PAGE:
Laurence Sterne. (17131768). A Sentimental Journey through France and Italy.
The Harvard Classics Shelf of Fiction. 1917.
WHEN all is ready, and every article is disputed and paid for in the inn, unless you are a little sourd by the adventure, there is always a matter to the compound at the door, before you can get into your chaise, and that is with the sons and daughters of poverty, who surround you. Let no man say, let them go to the devilt is a cruel journey to send a few miserables, and they have had sufferings enow without it: I always think it better to take a few sous out in my hand; and I would counsel every gentle traveler to do so likewise; he need not be so exact in setting down his motives for giving them.They will be registerd elsewhere.
A poor tatterd soul, without a shirt on, instantly withdrew his claim, by retiring two steps out of the circle, and making a disqualifying bow on his part. Had the whole parterre cried out, Place aux dames, with one voice, it would not have conveyed the sentiment of a deference for the sex with half the effect.
A poor little dwarfish, brisk fellow, who stood over against me in the circle, putting something first under his arm, which had once been a hat, took his snuff-box out of his pocket, and generously offerd a pinch on both sides of him: it was a gift of consequence, and modestly declined.The poor little fellow pressd it upon them with a nod of welcomeness.Prenez enprenez, said he, looking another way; so they each took a pinch.Pity thy box should ever want one, said I to myself; so I put a couple of sous into ittaking a small pinch out of his box to enhance their value, as I did it.He felt the weight of the second obligation more than that of the firstt was doing him an honorthe other was only doing him a charityand he made me a bow down to the ground for it.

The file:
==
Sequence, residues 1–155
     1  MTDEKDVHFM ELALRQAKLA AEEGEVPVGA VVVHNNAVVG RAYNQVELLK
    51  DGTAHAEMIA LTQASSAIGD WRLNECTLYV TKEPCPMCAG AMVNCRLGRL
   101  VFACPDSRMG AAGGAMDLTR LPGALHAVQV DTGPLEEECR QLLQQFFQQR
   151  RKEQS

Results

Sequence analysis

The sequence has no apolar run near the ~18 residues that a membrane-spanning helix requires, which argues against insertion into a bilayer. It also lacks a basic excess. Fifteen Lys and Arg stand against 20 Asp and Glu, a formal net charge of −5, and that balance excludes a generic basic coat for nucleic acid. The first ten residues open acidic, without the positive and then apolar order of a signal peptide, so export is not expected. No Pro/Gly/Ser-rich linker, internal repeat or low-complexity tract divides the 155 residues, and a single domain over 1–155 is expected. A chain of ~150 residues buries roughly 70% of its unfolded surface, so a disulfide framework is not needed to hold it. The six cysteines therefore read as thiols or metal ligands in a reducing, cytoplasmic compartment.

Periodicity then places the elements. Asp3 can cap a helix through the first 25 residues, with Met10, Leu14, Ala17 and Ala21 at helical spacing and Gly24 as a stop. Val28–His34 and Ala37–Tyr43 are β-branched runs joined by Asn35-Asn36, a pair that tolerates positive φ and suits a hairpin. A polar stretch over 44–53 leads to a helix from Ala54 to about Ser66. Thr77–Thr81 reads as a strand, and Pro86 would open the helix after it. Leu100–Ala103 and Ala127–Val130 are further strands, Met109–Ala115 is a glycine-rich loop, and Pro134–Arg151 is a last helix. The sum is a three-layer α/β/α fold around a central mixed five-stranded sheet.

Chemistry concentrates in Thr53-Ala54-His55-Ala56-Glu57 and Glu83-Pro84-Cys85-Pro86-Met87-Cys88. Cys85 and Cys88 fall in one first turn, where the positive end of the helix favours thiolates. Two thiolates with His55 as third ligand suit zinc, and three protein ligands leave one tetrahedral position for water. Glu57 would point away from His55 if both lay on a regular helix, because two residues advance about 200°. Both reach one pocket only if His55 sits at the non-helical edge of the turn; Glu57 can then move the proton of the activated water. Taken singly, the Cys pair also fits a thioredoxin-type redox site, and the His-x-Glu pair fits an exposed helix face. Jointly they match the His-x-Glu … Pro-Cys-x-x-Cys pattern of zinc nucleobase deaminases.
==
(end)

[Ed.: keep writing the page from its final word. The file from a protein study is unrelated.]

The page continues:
I had then but three sous left: so I gave one, simply pour lamour de Dieu, which was the footing on which it was beggd.The poor woman had a dislocated hip; so it could not be well upon any other motive.
My Lord Angloisthe very sound was worth the moneyso I gave my last sous for it. But in the eagerness of giving, I had overlooked a pauvre honteux, who had no one to ask a sou for him, and who, I believed, would have perishd ere he could have askd one for himself; he stood by the chaise, a little without the circle, and wiped a tear from a face which I thought had seen better daysGood God! said Iand I have not one single sou left to give him.But you have a thousand! cried all the powers of nature, stirring within meso I gave himno matter whatI am ashamed to say how much, nowand was ashamed to think how little, then: so if the reader can form any conjecture of my disposition, as these two fixed points are given him, he may judge within a livre or two what was the precise sum.
I could afford nothing for the rest, but Dieu vous bénisseEt le bon Dieu vous bénisse encoresaid the old soldier, the dwarf, &c. The pauvre honteux could say nothinghe pulld out a little handkerchief, and wiped his face as he turned awayand I thought he thankd me more than them all.